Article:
Renal impairment: In patients with renal impairment (creatinine clearance 10-60 mL/min/1.73 m2), the AUC0-∞ of rizatriptan was not significantly different from that in healthy subjects. In hemodialysis patients, (creatinine clearance < 2 mL/min/1.73 m2), however, the AUC for rizatriptan was approximately 44% greater than that in patients with normal renal function. (See PRECAUTIONS.)
Race: Pharmacokinetic data revealed no significant differences between African American and Caucasian subjects.
(See also PRECAUTIONS, Drug Interactions.)
Monoamine oxidase inhibitors: Rizatriptan is principally metabolized via monoamine oxidase, ‘A’ subtype (MAO-A). Plasma concentrations of rizatriptan may be increased by drugs that are selective MAO-A inhibitors (e.g., moclobemide) or nonselective MAO inhibitors [type A and B] (e.g., isocarboxazid, phenelzine, tranylcypromine, and pargyline). In a drug interaction study, when MAXALT 10 mg was administered to subjects (n=12) receiving concomitant therapy with the selective, reversible MAO-A inhibitor, moclobemide 150 mg t.i.d., there were mean increases in rizatriptan AUC and Cmax of 119% and 41% respectively; and the AUC of the active N-monodesmethyl metabolite of rizatriptan was increased more than 400%. The interaction would be expected to be greater with irreversible MAO inhibitors. No pharmacokinetic interaction is anticipated in patients receiving selective MAO-B inhibitors. (See CONTRAINDICATIONS; PRECAUTIONS, Drug Interactions.)
Propranolol: In a study of concurrent administration of propranolol 240 mg/day and a single dose of rizatriptan 10 mg in healthy subjects (n=11), mean plasma AUC for rizatriptan was increased by 70% during propranolol administration, and a fourfold increase was observed in one subject. The AUC of the active N-monodesmethyl metabolite of rizatriptan was not affected by propranolol. (See PRECAUTIONS; DOSAGE AND ADMINISTRATION.)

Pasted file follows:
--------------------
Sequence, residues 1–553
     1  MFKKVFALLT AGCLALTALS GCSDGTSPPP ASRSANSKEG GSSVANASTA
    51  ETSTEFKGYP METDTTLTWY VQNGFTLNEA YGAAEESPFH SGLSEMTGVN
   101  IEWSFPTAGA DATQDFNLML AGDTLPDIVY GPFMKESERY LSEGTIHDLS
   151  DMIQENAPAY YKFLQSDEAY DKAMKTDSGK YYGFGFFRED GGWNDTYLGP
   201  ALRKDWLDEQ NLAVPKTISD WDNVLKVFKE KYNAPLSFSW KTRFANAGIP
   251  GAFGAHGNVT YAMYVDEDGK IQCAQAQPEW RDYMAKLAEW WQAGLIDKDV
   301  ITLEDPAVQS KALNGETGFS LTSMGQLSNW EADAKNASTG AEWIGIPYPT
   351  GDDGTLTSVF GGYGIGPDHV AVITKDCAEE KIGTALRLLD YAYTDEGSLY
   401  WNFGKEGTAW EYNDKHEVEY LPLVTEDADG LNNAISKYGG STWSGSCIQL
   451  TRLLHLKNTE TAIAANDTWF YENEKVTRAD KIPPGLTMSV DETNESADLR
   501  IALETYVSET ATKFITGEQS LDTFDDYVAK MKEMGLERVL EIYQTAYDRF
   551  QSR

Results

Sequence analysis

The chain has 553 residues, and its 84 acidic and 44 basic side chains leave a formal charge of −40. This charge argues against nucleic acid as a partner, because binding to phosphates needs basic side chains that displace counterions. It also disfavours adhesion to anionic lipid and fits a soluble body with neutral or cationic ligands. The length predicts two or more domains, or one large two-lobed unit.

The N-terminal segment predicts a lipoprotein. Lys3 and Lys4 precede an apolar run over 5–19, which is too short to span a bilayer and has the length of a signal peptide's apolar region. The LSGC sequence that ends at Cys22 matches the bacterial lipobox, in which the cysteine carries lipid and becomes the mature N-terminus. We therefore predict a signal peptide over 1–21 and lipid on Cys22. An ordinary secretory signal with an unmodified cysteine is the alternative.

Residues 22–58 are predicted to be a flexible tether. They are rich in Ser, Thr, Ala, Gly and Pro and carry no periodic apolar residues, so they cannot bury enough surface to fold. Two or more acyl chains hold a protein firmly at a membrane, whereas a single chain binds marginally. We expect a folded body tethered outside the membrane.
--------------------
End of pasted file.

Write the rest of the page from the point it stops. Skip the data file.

Nadolol/Metoprolol: In a drug interactions study, effects of multiple doses of nadolol 80 mg or metoprolol 100 mg every 12 hours on the pharmacokinetics of a single dose of 10 mg rizatriptan were evaluated in healthy subjects (n=12). No pharmacokinetic interactions were observed.
Paroxetine: In a study of the interaction between the selective serotonin reuptake inhibitor (SSRI) paroxetine 20 mg/day for two weeks and a single dose of MAXALT 10 mg in healthy subjects (n=12), neither the plasma concentrations of rizatriptan nor its safety profile were affected by paroxetine (see WARNINGS and PRECAUTIONS, Information for Patients).
Oral contraceptives: In a study of concurrent administration of an oral contraceptive during 6 days of administration of MAXALT (10-30 mg/day) in healthy female volunteers (n=18), rizatriptan did not affect plasma concentrations of ethinyl estradiol or norethindrone.
The efficacy of MAXALT Tablets was established in four multicenter, randomized, placebo-controlled trials. Patients enrolled in these studies were primarily female (84%) and Caucasian (88%), with a mean age of 40 years (range of 18 to 71). Patients were instructed to treat a moderate to severe headache. Headache response, defined as a reduction of moderate or severe headache pain to no or mild headache pain, was assessed for up to 2 hours (Study 1) or up to 4 hours after dosing (Studies 2, 3 and 4). Associated symptoms of nausea, photophobia, and phonophobia and maintenance of response up to 24 hours postdose were evaluated. A second dose of MAXALT Tablets was allowed 2 to 24 hours after dosing for treatment of recurrent headache in Studies 1 and 2. Additional analgesics and/or antiemetics were allowed 2 hours after initial treatment for rescue in all four studies.
In all studies, the percentage of patients achieving headache response 2 hours after treatment was significantly greater in patients who received either MAXALT 5 or 10 mg compared to those who received placebo. In a separate study, doses of 2.5 mg were not different from placebo. Doses greater than 10 mg were associated with an increased incidence of adverse effects. The results from the 4 controlled studies using the marketed formulation are summarized in Table 1.
Table 1: Response Rates 2 Hours Following Treatment of Initial Headache